Gulfport hunter saves fawn from flood water

Gulfport hunter saves fawn from flood water

GULFPORT, MS (WLOX) - David Johnston typically uses a bleat box to hunt deer. But on Thursday, he used it to save one.

That evening, Johnston heard the bleats of a fawn in the back of his Gulfport property. After 30 minutes of searching, he and his son found a baby deer tangled in vines in flood waters from Fritz Creek.

"The last time we heard the fawn bleat it was actually swallowing water, and just the little head was sticking up," Johnston said. "We got it just in time."

Johnston tried using his hunting call to get the mother's attention, but it didn't work. So, he called wildlife experts.

"It's just instinct. You want to do right by nature, what God's blessed us with."

Although it could be days, maybe weeks, before rescuers try to reunite him with mom, "Bucky" is doing just fine at Wild at Heart Rescue.

Bucky makes the sixth fawn over the last few weeks to be rescued by Missy Dubuisson of Wild at Heart Rescue - one other also from a near drowning.

"There's no telling how long that baby was tangled in those vines and fighting in that water," Missy said. "That definitely takes a toll on their body. Physically exhausting when you're trying to swim and to be tangled in something, calling for your mom and nobody to help you."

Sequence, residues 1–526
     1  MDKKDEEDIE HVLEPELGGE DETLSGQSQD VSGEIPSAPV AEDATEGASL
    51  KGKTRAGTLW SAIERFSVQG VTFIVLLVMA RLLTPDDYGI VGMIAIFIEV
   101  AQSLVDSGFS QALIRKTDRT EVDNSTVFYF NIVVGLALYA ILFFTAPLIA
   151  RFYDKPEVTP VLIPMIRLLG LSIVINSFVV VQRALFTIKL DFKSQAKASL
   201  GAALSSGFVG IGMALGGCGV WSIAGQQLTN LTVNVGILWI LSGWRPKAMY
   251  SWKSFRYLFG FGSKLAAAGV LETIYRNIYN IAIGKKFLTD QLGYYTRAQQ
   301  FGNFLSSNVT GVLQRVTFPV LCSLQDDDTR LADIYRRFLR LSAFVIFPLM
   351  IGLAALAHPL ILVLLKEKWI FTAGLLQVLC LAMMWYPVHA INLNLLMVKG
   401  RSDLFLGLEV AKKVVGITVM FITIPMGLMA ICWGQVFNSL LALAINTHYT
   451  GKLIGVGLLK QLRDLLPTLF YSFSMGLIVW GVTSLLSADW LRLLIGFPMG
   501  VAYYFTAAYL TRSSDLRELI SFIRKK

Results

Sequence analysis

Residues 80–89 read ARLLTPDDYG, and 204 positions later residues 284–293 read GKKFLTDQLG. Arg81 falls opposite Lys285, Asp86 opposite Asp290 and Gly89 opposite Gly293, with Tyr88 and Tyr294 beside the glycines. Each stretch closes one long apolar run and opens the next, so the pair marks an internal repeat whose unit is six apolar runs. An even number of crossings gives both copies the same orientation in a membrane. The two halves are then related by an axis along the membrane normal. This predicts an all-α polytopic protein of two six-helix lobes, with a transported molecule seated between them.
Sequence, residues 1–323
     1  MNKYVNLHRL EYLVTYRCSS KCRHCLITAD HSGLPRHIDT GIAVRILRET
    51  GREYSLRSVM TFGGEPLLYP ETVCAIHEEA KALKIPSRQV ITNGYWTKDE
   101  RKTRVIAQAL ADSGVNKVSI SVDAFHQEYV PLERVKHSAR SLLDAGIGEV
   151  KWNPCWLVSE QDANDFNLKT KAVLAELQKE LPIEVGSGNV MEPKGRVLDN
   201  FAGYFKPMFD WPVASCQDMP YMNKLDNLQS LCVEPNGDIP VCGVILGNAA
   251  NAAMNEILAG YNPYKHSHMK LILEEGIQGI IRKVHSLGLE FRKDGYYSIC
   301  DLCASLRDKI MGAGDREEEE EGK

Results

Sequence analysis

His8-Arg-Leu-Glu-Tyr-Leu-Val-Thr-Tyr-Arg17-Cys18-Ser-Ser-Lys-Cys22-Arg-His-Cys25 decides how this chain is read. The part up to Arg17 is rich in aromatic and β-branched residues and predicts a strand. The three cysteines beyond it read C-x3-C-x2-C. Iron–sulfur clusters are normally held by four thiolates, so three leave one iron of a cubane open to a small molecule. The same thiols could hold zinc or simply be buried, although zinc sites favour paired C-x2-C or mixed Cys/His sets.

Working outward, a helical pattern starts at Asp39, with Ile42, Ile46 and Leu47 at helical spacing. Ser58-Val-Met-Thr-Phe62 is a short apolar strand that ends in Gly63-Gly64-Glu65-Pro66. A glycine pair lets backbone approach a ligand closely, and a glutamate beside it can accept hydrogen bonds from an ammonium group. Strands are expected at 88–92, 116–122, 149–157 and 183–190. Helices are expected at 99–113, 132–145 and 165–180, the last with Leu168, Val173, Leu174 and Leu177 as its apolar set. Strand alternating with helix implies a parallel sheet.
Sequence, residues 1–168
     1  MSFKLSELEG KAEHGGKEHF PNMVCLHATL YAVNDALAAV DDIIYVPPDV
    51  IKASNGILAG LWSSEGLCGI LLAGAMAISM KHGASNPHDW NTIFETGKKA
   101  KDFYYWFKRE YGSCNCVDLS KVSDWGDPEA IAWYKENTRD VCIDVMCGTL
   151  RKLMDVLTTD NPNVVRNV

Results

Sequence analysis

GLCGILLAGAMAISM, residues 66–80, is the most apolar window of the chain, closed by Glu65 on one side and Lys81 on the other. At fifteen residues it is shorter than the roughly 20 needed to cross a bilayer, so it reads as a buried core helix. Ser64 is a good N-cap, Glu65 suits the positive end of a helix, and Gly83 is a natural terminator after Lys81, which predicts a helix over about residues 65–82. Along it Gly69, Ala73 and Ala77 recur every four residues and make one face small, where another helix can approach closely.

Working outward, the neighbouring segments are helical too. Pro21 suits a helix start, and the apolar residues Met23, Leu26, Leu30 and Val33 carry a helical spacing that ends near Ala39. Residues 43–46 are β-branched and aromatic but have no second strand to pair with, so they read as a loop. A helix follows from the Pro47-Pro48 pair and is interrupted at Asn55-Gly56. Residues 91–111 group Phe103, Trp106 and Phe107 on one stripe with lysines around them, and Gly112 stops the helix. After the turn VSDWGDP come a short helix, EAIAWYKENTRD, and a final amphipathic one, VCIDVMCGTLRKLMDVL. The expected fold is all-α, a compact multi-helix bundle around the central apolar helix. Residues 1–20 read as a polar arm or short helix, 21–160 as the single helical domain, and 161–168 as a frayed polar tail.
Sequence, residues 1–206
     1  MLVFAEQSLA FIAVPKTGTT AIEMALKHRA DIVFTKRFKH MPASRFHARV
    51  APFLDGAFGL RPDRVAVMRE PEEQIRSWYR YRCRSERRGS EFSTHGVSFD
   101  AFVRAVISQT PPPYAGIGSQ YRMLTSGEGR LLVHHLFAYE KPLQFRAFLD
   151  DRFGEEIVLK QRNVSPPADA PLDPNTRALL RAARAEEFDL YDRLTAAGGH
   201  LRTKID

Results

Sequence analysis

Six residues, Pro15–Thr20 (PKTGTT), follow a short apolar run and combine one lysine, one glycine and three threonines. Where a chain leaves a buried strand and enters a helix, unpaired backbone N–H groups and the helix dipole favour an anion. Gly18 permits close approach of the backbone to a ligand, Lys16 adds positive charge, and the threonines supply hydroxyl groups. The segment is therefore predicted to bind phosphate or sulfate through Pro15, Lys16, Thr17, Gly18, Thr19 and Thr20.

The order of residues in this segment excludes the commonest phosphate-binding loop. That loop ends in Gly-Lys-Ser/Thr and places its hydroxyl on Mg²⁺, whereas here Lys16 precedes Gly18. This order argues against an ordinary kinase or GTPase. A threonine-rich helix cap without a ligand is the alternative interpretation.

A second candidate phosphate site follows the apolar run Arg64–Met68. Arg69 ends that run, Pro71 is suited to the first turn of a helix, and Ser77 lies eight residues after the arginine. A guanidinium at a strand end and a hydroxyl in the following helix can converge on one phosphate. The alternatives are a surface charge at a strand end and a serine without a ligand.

Bucky will be treated with antibiotics to prevent any lung infection before rescuers attempt to reunite him with his mother. If that doesn't work, he will be kept at the center until he's old enough to be released on his own.

Johnston usually hunts deer in Greene County, so he doesn't think he'll be crossing paths with Bucky under different circumstances.

"I hope not," Johnston said. "But if one comes licks me on the chin while I'm hunting, I'll know not to shoot him."

Dubuisson says it's illegal to keep wild animals without a permit, and that not all abandoned fawns need to be helped. She adds that the best way to know if a rescue is necessary is to send a photograph to center for evaluation.

For more information, visit the center's website:

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